You can also ask co-workers, acquaintances from local clubs or organizations, your neighbors, and other business people.

You could also ask your Twitter, Facebook, LinkedIn or other social media friends and maybe find a trusted name from a friend of a friend.

You would just type into your social media account, “Hey, I just formed an LLC. Anyone know a good accountant?”

If you can’t get a personal referral, then check out our How to Find an Accountant guide, use Thumbtack, or do a search on Yelp for “accountant” or “certified public accountant” and look for someone with a strong track record and good customer reviews.

Look for Compatibility

You should also want someone who’s a good fit for your company, makes you feel comfortable, and is willing to answer all of your questions.

It should be someone you like personally as well as professionally.

It’s okay to take your time to find the right person.

We recommend talking with at least 2-3 people before making your final decision.

You’re now ready to start forming your LLC. Select your state below:

Matt Horwitz
Founder & Educator, LLC University®
Forming an LLC shouldn't be so complicated. Our step-by-step guide will make the process a breeze – and no complex legal jargon! LLC University® teaches people how to form an LLC for free in all 50 states. We hope you find our free guides and resources helpful in your business journey.
Disclaimer: Nothing on this page shall be interpreted as legal or tax advice. Rules and regulations vary by location. They also change over time and are specific to your situation. Furthermore, this comment section is provided so people can share their thoughts and experience. Please consult a licensed professional if you have legal or tax questions.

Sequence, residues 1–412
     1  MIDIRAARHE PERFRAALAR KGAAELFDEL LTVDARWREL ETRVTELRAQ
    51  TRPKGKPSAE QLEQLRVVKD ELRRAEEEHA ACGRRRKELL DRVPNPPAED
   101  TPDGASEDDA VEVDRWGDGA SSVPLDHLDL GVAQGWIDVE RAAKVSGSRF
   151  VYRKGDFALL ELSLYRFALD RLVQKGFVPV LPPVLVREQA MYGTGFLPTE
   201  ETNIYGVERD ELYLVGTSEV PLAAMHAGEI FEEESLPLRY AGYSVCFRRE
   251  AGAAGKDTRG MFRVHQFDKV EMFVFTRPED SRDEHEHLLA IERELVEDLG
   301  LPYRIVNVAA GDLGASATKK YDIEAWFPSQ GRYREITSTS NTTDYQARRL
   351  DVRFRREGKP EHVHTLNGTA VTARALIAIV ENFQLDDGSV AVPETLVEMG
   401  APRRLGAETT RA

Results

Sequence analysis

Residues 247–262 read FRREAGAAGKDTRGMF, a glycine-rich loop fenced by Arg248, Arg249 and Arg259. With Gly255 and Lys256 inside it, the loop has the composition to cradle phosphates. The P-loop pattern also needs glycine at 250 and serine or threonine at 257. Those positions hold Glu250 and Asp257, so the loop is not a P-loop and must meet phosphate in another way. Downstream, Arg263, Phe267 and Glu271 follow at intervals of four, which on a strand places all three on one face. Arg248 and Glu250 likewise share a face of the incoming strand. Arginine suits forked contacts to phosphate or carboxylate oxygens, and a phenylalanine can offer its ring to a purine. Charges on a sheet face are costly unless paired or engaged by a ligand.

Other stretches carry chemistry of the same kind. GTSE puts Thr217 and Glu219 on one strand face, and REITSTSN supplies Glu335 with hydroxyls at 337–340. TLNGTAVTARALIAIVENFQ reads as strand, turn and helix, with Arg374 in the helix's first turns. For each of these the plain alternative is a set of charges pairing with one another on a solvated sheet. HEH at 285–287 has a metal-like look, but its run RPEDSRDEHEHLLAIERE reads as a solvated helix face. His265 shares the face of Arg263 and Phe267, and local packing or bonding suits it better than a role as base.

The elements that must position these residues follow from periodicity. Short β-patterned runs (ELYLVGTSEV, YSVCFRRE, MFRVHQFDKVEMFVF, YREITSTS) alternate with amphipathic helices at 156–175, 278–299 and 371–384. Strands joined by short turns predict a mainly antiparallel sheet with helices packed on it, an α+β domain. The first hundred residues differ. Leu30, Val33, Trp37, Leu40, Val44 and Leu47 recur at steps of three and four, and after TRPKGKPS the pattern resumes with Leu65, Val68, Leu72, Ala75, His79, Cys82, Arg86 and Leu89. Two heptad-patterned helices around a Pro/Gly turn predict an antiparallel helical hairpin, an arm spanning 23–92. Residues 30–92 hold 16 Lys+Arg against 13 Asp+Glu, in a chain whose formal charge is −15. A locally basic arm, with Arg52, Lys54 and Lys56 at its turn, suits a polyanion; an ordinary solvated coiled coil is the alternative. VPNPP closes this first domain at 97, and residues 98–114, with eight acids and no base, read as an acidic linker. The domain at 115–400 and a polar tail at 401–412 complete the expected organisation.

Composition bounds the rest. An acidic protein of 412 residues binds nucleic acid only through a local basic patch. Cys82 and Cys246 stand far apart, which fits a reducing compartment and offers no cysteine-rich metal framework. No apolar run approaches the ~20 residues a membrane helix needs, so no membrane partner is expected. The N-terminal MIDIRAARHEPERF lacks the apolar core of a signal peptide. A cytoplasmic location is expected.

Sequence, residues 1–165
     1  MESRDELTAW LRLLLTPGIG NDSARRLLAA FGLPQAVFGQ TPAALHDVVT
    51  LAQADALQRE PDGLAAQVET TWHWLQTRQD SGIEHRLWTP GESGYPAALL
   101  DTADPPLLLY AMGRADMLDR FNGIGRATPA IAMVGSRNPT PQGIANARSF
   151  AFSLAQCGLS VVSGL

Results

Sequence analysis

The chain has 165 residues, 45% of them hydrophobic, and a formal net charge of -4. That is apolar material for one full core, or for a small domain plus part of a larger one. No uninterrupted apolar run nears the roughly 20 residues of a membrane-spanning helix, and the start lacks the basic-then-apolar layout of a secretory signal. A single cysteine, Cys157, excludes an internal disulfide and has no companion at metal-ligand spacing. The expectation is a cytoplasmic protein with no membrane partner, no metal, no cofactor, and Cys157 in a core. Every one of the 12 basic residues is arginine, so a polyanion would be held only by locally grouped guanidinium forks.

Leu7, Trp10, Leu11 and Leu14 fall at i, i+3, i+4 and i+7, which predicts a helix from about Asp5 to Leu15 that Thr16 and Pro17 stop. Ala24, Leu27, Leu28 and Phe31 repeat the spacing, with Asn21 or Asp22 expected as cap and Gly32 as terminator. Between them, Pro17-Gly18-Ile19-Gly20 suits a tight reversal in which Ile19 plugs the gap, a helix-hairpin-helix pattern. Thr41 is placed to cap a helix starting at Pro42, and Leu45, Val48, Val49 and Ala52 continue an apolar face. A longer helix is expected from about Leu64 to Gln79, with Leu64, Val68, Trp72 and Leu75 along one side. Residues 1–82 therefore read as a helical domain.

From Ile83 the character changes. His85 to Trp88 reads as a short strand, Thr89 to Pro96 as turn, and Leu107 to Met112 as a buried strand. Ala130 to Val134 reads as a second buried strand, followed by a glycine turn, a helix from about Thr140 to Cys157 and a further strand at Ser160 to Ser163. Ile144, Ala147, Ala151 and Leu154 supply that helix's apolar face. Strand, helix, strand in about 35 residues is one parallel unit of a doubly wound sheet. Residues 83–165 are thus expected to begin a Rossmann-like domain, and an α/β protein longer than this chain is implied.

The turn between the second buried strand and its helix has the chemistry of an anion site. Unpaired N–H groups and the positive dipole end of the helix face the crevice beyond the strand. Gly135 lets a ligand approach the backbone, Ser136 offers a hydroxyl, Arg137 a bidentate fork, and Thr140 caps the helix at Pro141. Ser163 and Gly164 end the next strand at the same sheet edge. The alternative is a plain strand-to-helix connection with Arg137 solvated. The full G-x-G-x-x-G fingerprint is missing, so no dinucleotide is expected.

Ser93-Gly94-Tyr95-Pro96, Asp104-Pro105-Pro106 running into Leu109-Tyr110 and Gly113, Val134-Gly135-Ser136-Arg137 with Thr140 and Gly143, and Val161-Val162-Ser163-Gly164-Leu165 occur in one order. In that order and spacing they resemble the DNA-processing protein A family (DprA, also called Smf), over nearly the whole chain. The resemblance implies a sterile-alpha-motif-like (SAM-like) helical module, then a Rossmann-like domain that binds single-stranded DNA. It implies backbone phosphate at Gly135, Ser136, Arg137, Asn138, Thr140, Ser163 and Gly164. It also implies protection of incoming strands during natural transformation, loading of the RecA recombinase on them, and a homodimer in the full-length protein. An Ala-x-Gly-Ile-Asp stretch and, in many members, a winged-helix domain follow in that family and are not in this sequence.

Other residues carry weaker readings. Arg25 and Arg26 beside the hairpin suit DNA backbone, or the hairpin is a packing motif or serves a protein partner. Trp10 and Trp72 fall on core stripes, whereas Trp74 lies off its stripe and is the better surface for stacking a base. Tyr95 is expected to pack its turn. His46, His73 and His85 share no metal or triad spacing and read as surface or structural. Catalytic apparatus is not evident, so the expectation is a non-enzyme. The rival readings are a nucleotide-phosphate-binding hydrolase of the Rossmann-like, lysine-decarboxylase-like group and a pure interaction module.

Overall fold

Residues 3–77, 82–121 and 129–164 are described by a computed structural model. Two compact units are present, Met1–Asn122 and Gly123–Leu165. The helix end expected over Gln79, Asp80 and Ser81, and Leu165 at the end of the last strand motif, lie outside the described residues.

5 Comments

  1. Sarah July 11, 2018

    Thanks for such a wonderful resource!! Your well-written articles have truly put my fears to rest. I can do this small business thing!

    reply
    • Matt Horwitz August 12, 2018

      Fantastic! Thanks for the awesome comment Sarah! So happy to hear that :)

      reply
  2. Aron February 20, 2019

    Hi Matt,

    If I set up an LLC, will I have to start paying taxes immediately, even if I start my business activity later?

    I started to build an ecommerce business, I’m going to launch it around this November. Is it better to set up my LLC right before launching?

    Let’s say I set up an LLC and for some reason, I need to close it up, before it does any activity. Could I do this any time?

    Thank you for your kind help in advance!

    reply
    • Matt Horwitz February 21, 2019

      Hi Aron, since an LLC is a pass-through tax entity, you only have to file federal taxes if your LLC has income or you want to write off expenses. So no, you don’t have to file taxes federally right away simply because you formed the LLC. Furthermore, taxes are due in April, after the close of the year. Depending on the state where the LLC is formed though, there may be a state-level filing though. It’s best to work with an accountant regarding the details. As for the timing of when to open the LLC, that is up to you. And yes, you can file an LLC dissolution at any time. Hope that helps.

      reply
      • Aron February 22, 2019

        Matt,

        Thank you!

        reply